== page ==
Project Title: Scaling evapotranspiration from plant to catchment level under present and future climate. Implications for water resources and flooding
Researcher: Dr Saté Ahmad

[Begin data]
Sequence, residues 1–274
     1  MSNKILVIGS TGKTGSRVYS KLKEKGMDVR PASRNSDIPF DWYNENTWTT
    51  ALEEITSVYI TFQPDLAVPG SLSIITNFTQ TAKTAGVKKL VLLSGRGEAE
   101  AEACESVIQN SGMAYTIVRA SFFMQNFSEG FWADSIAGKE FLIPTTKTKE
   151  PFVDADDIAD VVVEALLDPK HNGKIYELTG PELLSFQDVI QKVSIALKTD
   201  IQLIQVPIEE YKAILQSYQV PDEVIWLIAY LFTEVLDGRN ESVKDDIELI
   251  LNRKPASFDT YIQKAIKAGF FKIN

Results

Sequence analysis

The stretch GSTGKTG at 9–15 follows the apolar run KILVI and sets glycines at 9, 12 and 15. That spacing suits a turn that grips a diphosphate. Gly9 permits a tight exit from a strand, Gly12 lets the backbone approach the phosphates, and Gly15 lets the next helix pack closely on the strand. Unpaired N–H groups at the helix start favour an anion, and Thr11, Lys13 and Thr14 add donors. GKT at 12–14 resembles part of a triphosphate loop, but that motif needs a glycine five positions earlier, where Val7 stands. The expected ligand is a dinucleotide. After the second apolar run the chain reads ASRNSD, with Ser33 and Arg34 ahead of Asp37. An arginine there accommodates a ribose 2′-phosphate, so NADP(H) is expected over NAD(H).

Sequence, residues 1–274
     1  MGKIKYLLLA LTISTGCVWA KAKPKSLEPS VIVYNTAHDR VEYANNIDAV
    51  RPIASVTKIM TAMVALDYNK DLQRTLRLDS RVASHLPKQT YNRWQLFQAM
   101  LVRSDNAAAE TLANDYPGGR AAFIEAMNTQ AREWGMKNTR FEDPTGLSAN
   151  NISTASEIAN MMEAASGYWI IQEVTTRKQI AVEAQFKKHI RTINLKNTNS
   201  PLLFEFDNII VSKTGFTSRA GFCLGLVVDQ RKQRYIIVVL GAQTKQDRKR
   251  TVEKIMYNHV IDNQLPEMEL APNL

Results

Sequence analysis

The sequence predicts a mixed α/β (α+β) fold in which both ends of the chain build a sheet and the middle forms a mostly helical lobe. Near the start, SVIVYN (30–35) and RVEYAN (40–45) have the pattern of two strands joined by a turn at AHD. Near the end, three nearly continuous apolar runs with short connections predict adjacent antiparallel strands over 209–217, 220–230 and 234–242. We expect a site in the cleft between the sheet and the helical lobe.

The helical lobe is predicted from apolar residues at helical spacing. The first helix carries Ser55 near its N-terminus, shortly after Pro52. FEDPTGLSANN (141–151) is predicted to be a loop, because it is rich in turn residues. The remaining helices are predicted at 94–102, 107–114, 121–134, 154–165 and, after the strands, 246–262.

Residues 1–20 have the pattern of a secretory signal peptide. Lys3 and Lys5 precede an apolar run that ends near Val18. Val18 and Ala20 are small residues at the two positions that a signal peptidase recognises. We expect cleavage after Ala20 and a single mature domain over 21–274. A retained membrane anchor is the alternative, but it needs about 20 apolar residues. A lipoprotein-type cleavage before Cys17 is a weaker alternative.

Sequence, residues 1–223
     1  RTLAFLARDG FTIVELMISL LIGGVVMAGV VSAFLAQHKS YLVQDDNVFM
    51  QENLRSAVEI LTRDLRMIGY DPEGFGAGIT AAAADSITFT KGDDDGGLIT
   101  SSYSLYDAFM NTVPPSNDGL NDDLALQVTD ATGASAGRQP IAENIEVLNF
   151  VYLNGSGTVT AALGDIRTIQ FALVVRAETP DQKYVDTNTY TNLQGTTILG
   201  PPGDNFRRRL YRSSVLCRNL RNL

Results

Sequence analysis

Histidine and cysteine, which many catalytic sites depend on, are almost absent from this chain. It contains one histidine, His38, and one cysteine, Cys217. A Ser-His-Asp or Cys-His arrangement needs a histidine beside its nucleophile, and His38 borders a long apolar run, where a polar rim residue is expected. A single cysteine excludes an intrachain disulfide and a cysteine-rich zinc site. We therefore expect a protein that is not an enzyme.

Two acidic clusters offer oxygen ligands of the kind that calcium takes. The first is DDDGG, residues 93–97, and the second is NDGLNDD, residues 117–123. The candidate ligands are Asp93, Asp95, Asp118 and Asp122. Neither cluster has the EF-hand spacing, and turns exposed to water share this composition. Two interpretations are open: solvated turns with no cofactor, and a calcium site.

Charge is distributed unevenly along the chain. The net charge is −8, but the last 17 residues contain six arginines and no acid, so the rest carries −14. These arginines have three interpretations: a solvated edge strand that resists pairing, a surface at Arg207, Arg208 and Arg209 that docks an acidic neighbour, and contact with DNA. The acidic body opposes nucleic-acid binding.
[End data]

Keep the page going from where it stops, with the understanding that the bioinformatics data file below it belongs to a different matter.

Saté is investigating the impact of elevated carbon dioxide levels and past vegetation changes on evapotranspiration and streamflow in Irish river catchments. This research will focus on a much underestimated part of the water cycle at a catchment scale – the role that vegetation type and behaviour (ecophysiology) plays on streamflow and runoff historically, today and in the near future under climate change. The main aim is to bring together a unique understanding from the plant sciences and catchment hydrology to better characterize the properties of vegetation and vegetation responses to global change that affect evapotranspiration and runoff. Although transpiration (T) can account for anywhere between 30 and 80% of the total evapotranspiration (ET) budget, many existing catchment hydrology models use prescribed model ‘crop plants’ to evaluate or simulate the effect of natural highly variant vegetation on long-term trends in past stream flow. This study will use existing data sets generated by PI McElwain’s lab on different plant species resistances to water loss (Purcell et al. 2018; Murray et al. 2019) to improve catchment hydrology models regularly used in PI Gill’s lab. The major outcomes of this research will be (1) better attribution studies on the impact of past vegetation change on historical trends in Irish and international stream flow and (2) improved future predictions of water resource availability and flood risk for case study Irish catchments.